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UK Manufacturing Faces Worst Downturn Since 2008

The UK’s manufacturing sector is engulfed in the deepest downturn since the 2008 financial crisis as market uncertainty depresses activity, a closely watched survey suggests.

According to the Chartered Institute of Procurement & Supply (CIPS) the UK manufacturing purchasing managers index (PMI) recorded 44.8 in October, with the 50 mark separating growth from contraction. Although this was an improvement on last month’s figure of 44.3, it was revised down from last week’s initial October estimate of 45.2.

This meant production fell for the eighth successive month – the longest sustained run of contraction since 2008/09.

The survey pointed to lower new orders, falling output and declining stocks of purchases. Delivery times also improved, which is normally a sign of weak demand. Exports meanwhile fell for the twenty-first successive month as firms suffered from weaker demand from Europe, China and Brazil.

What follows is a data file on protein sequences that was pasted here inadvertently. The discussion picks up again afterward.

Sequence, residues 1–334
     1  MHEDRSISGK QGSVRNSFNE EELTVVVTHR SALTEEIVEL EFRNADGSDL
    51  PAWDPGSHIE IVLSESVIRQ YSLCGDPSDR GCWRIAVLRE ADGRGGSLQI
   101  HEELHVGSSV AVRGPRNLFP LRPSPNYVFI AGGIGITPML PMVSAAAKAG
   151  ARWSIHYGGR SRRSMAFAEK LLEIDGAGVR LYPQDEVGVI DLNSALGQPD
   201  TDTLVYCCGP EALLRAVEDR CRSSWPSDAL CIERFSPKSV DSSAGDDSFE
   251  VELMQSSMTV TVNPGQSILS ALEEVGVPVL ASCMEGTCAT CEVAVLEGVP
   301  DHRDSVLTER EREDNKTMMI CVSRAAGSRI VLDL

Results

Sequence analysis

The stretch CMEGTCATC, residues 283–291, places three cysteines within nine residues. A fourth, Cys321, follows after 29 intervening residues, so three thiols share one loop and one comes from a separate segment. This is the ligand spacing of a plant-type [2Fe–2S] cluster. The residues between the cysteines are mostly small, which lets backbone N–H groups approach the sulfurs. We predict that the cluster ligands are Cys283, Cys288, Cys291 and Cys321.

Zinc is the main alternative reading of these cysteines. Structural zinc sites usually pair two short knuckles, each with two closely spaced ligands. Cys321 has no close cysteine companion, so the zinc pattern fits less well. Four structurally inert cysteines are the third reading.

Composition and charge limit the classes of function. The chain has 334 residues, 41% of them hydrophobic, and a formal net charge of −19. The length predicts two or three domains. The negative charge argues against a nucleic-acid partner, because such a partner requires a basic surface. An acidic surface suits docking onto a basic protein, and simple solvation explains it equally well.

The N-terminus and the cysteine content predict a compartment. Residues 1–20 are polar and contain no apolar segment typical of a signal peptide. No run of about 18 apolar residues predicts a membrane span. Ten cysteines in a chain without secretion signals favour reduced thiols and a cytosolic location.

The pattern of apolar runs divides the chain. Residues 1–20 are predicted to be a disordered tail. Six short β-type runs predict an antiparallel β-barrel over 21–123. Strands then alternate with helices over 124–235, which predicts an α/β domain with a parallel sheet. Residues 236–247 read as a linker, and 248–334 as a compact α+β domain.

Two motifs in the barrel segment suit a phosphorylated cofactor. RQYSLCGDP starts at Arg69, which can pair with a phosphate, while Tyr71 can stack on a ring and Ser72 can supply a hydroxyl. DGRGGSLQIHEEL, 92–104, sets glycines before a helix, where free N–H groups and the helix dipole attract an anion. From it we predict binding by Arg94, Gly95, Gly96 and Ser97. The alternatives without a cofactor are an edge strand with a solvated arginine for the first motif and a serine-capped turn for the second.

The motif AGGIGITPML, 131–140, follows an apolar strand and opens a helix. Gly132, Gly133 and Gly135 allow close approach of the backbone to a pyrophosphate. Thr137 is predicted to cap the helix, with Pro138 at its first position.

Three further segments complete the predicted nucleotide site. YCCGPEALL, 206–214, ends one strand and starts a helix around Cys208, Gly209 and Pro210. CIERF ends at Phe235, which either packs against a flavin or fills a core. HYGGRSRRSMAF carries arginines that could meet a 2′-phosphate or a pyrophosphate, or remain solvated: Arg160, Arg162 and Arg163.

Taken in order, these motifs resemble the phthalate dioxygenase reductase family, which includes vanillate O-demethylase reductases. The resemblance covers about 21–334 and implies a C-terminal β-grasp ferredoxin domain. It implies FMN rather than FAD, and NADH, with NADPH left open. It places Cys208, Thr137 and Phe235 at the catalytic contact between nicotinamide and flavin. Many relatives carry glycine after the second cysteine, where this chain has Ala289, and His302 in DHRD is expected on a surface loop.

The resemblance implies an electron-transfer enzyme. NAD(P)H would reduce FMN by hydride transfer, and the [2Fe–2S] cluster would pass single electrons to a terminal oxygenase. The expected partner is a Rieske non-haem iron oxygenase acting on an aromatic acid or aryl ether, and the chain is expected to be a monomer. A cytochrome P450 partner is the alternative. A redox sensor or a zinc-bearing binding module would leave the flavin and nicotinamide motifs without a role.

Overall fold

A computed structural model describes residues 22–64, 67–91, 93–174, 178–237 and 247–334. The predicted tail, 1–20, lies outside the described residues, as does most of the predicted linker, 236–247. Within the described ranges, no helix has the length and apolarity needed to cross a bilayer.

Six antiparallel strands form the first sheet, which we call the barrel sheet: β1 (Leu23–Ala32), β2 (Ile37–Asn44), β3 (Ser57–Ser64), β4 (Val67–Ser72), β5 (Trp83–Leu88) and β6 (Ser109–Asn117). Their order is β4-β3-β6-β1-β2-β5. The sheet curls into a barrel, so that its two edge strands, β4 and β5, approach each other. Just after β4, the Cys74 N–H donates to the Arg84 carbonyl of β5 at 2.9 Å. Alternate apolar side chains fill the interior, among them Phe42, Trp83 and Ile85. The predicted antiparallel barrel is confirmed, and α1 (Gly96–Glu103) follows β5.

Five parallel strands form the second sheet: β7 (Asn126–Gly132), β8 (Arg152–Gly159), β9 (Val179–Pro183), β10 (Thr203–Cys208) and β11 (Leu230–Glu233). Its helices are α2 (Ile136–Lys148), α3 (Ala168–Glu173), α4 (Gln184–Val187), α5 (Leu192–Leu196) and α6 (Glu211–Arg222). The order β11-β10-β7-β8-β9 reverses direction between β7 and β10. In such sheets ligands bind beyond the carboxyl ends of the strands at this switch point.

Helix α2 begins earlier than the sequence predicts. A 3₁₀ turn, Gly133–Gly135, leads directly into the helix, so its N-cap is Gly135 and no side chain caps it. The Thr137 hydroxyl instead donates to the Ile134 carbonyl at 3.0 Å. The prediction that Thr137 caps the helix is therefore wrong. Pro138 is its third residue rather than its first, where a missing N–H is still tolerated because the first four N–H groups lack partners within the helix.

“Companies are finding trading conditions difficult as they face headwinds from client destocking, market uncertainty and the impact of the cost-of-living crisis on consumer demand,” Rob Dobson, Director at S&P Global Market Intelligence, said.

Manufacturing in almost all major economies has been contracting for many months now. Slow growth in China has dented demand while consumers have increasingly prioritised spending on services rather than goods post-pandemic.

Rising interest rates are also putting cost pressures on businesses with experts suggesting the downturn has further to run. “We doubt that manufacturing output will start to recover until early next year,” Samuel Tombs, chief UK economist at Pantheon Macroeconomics said.

For the thirteenth month in a row, manufacturing firms continued cutting jobs, the survey showed, although the rate slowed slightly compared to previous months.

Inflationary pressures may be easing as selling prices decreased for the fourth time in the past five months. But Dobson said “this brighter inflation outlook comes at the cost of increased recession risk, being a symptom of the broader weak demand malaise”.

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By City AM

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